The takeaway for conservatives, and for the campaign staffs of the eventual Republican ticket, is to get her off script, especially in the debates (which she will insist on limiting in number).  It is time for planning worthy of Dick Tuck, positioning operatives at campaign events with the opportunity to get questions before her that she has not planned on.  People in Iowa and New Hampshire are ideally positioned now, and it is time for all of us in the conservative media to raise again and again the issue of her inaccessibility to spontaneous interaction.  The rope-line corralling of the media on Independence Day provides the visual, and she already has the image as imperious and inaccessible.  This is an established narrative, and her weak point.

Keilar, anxious to distance herself from her role in the scripted drama, did a follow-up review of her interview later on CNN’s The Situation Room.  While avoiding any mea culpas for her lack of follow-up questions, she did place responsibility on Hillary for “not engaging.”  Ken Meyer of Mediaite summarizes:

“I didn’t hear a more open or transparent Hillary Clinton,” Keilar told Jim Sciutto. “I asked her why Bernie Sanders is garnering this support and enthusiasm you don’t seem to among Democrats. She wouldn’t engage on that.”

Keilar went on to say that throughout the interview, Clinton either “wouldn’t engage” on topics like the dynastic possibility of running against Jeb Bush, and that she was quick to move on from issues like her press relationship, the email scandal, or the dealings of the Clinton Foundation.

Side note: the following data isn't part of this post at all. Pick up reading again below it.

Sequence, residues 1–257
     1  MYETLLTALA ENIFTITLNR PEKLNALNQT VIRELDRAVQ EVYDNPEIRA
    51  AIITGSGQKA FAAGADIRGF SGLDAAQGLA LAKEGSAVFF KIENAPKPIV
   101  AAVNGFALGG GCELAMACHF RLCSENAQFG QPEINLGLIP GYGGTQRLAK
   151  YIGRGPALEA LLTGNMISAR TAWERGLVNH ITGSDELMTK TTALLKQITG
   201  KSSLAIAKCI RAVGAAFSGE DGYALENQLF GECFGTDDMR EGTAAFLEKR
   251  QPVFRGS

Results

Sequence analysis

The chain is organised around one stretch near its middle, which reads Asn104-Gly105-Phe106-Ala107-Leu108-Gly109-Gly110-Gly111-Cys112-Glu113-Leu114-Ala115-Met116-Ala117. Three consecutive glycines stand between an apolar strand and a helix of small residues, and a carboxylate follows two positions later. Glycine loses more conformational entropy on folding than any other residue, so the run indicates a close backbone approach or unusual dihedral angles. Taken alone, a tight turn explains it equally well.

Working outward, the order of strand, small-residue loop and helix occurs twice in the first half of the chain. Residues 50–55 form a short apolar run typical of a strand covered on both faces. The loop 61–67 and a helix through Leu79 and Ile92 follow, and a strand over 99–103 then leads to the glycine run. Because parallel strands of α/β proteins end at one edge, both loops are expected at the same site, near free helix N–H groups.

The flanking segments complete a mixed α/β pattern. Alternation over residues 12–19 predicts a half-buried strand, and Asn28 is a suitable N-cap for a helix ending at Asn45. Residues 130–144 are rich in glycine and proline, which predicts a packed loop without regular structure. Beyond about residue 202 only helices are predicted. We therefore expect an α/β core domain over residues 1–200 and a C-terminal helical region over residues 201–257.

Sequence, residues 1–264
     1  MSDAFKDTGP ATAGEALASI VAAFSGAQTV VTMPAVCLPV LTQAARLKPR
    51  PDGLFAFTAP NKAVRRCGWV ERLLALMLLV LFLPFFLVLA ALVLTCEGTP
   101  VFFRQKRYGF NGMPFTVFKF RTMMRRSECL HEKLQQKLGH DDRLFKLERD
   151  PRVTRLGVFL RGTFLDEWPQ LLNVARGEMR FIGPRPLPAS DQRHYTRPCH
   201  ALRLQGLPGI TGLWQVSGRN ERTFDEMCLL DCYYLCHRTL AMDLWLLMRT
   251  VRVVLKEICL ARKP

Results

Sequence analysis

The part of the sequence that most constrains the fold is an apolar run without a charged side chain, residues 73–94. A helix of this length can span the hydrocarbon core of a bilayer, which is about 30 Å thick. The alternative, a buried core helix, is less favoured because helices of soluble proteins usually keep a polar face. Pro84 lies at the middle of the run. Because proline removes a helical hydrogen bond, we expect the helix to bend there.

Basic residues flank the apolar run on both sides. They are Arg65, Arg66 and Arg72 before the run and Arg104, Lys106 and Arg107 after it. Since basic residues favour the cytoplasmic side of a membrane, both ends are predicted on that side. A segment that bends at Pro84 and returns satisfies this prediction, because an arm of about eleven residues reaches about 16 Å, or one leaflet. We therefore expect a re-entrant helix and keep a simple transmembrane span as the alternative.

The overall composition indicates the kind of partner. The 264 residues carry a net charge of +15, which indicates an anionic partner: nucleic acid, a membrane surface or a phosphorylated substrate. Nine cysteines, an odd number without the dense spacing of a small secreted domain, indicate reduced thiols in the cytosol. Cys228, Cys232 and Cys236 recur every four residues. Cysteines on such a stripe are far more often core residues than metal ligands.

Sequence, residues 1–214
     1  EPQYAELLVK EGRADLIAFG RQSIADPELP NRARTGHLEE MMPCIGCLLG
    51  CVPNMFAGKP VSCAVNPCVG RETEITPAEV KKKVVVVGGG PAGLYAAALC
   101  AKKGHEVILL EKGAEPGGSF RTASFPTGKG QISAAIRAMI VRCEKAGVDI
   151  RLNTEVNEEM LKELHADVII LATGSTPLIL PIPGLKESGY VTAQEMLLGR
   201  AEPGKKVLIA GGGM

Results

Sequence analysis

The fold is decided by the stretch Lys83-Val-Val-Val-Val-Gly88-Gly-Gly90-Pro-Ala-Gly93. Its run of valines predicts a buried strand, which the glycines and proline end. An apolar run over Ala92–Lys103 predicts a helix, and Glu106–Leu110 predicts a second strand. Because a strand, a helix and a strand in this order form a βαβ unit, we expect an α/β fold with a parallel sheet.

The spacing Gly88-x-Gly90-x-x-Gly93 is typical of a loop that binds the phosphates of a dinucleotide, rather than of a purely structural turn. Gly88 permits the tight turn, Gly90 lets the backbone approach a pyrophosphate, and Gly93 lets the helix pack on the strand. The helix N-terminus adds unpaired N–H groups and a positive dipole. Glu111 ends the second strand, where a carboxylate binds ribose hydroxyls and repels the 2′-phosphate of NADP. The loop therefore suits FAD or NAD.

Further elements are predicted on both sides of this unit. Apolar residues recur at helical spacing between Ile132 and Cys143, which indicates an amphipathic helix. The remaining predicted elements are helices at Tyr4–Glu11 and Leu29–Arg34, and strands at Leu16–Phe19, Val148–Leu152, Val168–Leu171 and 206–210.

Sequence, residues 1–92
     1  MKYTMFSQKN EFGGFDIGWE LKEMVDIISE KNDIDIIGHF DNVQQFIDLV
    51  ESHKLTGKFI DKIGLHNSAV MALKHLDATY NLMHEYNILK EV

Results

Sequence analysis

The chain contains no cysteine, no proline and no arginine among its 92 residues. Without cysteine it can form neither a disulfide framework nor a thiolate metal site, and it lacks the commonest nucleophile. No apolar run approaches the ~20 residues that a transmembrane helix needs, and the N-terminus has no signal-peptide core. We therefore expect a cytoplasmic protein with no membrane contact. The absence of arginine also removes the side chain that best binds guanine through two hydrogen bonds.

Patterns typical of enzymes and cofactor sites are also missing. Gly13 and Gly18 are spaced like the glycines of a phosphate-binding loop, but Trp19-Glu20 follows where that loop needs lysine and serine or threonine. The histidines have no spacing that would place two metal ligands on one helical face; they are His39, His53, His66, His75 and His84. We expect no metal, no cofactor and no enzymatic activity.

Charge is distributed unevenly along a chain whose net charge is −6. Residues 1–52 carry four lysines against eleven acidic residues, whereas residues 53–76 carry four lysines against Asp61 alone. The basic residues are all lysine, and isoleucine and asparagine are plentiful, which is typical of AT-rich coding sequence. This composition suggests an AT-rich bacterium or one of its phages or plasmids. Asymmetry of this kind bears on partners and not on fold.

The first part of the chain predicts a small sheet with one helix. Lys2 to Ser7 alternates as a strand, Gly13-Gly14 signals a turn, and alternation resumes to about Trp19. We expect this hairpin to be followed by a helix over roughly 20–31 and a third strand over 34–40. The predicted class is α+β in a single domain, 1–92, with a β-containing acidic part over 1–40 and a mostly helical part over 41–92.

Here is the follow-up interview of Keilar:

 

Almost as if to salvage her reputation, Keilar did offer one follow-up question that was a zinger.  As Geraghty noted:

Keilar will face some legitimate complaints about the lack of tough follow-up questions, but at least here she had a good one, asking Hillary, “Would you vote for a candidate you didn’t trust?”

Hillary’s response was classic: "People should and do trust me."  Part of the big lie strategy – say it enough times, and enough people will believe it.

Unless, of course, the lies are refuted.

Here is the entire interview:

 

There was a very important message in the subtext of Hillary Clinton’s widely heralded CNN interview with Brianna Keilar yesterday.  For those readers who enjoy the sound of nails on a chalkboard, the entire interview is embedded at the end of this blog.  CNN’s Eric Bradner offers a reasonable summary of what transpired for those who have a normal aversion to 19 minutes of phoniness.

But first the context, and then the subtext.

There was only one reason this interview was important: scarcity value.  Hillary Clinton, despite running for president for months now, with two, count them, two launches, has not sat down for an interview until yesterday.  So averse to answering questions is she that reporters were actually roped off from her in an Independence Day parade in New Hampshire, to almost universal derision.

The historic comparison that comes to mind is the debut of silent movie mega-star Greta Garbo in her first talking picture, Anna Christie.  A tidal wave of curiosity was set off by MGM’s publicity department based on the public’s curiosity over what the star actually sounded like.  As it turned out, the movie was a flop, perhaps presaging Hillary’s fate.

Prior to the interview, there was much commentary on the fact that a mere two weeks ago, Keilar and Hillary had attended the wedding of a campaign aide, establishing them as members of a social clique, and on Keilar’s breathless reporting of Hillary’s Scooby Van meal outside Toledo, with the scoop that she had ordered a burrito.

So Keilar had an agenda to preserve her credibility in the face of open doubts, while Hillary had her own agenda.  I think that on the surface, both women achieved their goals, but they left conservatives a tell.

Jim Geraghty of National Review summarized the job Keilar did: